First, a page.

Nonviolence in Political Theory

Nonviolence in Political Theory

Nonviolence in Political Theory

Nonviolence in Political Theory


Develops a coherent theory of nonviolent political action in the context of Western political theory.

From Mahatma Gandhi and Martin Luther King to toppled communist regimes in Eastern Europe and pro-democracy movements in Serbia, Georgia and Ukraine, nonviolent action has played a significant role in achieving social and political change in the last century. The Arab Spring revolutions, particularly those in Tunisia and Egypt, and the Occupy movement in the US and UK demonstrate that nonviolence continues to be a vital feature of many campaigns for democracy, human rights and social justice.

Ian Atack identifies the contribution of nonviolence to political theory through connecting central characteristics of nonviolent action to fundamental debates about the role of power and violence in politics. This in turn provides a platform for going beyond historical and strategic accounts of nonviolence to a deeper understanding of its transformative potential.

Key Features:

  • Explores the philosophical presuppositions behind nonviolent political action
  • Examines the tensions between nonviolence and pacifism in international politics
  • Uses Gramsci and Foucault to critically analyse consent as the basis of political power
  • Distinguishes between civil resistance and transformative nonviolence


Nonviolence has been a central feature of my research and teaching in Peace Studies for more than ten years and for even longer as a basis for my practical involvement in campaigns for peace and human rights. It is through campaigning, teaching and research that I became interested in exploring the deeper connections between nonviolence as a form of political action and some of the central issues of political theory, concerning the role of power and violence in human affairs.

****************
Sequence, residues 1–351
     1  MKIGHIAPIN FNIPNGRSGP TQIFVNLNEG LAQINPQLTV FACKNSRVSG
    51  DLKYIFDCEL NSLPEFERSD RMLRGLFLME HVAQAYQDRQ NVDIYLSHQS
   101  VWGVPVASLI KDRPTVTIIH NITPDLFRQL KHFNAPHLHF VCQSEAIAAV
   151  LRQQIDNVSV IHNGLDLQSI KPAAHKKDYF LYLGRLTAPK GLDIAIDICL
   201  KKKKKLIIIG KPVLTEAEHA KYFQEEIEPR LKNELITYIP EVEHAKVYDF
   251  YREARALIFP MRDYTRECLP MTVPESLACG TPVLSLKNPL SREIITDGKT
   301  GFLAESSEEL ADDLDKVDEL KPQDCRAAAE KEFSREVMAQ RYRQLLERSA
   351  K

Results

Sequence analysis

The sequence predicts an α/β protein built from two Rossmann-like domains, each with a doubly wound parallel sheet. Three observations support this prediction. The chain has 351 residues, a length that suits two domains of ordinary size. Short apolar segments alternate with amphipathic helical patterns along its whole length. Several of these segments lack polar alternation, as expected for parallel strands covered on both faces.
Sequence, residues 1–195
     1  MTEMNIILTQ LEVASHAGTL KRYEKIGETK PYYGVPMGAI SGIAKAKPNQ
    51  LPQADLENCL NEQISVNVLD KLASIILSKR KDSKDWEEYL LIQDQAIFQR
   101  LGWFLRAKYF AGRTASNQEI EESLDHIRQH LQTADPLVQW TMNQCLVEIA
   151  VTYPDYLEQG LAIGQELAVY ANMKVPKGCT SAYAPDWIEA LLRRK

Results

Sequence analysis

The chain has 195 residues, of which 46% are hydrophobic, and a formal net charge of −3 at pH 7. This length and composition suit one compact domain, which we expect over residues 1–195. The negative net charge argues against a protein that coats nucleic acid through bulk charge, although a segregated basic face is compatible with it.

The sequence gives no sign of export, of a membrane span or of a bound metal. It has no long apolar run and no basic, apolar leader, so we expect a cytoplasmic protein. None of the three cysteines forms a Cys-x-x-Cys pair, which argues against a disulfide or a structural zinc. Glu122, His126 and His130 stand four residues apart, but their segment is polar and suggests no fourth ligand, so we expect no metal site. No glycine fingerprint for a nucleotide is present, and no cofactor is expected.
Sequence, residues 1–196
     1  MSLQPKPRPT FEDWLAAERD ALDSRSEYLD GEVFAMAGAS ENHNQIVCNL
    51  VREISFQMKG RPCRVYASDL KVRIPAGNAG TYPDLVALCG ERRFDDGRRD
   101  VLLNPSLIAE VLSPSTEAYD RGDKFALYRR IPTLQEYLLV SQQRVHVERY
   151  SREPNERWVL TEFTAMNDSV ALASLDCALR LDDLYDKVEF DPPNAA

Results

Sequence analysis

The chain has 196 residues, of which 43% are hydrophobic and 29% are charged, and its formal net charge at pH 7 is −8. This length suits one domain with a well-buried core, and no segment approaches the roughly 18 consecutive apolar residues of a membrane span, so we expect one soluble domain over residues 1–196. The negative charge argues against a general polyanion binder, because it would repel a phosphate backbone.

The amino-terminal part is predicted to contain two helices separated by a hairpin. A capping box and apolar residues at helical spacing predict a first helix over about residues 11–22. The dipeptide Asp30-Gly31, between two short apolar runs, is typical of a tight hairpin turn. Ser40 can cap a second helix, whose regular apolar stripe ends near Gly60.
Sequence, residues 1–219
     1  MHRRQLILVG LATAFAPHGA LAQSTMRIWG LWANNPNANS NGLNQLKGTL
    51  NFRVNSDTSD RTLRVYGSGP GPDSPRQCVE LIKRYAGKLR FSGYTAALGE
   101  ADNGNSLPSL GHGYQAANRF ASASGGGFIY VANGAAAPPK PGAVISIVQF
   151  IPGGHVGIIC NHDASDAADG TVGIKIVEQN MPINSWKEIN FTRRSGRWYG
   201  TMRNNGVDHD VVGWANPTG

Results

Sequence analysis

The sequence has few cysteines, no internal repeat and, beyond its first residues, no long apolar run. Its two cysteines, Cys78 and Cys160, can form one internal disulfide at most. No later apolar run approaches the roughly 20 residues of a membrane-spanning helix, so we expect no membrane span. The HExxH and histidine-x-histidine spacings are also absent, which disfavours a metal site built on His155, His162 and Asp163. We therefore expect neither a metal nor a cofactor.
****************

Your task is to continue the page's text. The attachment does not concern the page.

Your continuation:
Much of the writing about nonviolence has focused on chronicling and documenting its uses in specific campaigns or political events, sometimes as a core element of significant social and political change; in other cases, to be supplanted by various forms of political violence; and, in some instances, to be defeated or crushed by more powerful political opponents. Efforts to assess the reasons for these successes and failures, and to provide a more strategic and systematic approach to using the methods of nonviolence effectively, have also been prominent in the literature on nonviolence. These discussions have been shaped, to some extent, by the distinction between so-called principled and pragmatic proponents of nonviolence – the former, basing their commitment to nonviolence on ethical or, perhaps, religious principles; and the latter, on evaluations of its political effectiveness.

My aim in this book is to take these discussions and debates to another level. Nonviolence as a form of political action necessarily connects to some of the core themes in political theory, concerning forms of political organisation, the relationship between the individual and the state and the role of violence and coercion in political institutions and processes of social change. in other words, it encompasses issues and concerns that go beyond a specific focus on documenting historical examples of nonviolence, or its distinctive characteristics as a form of . . .

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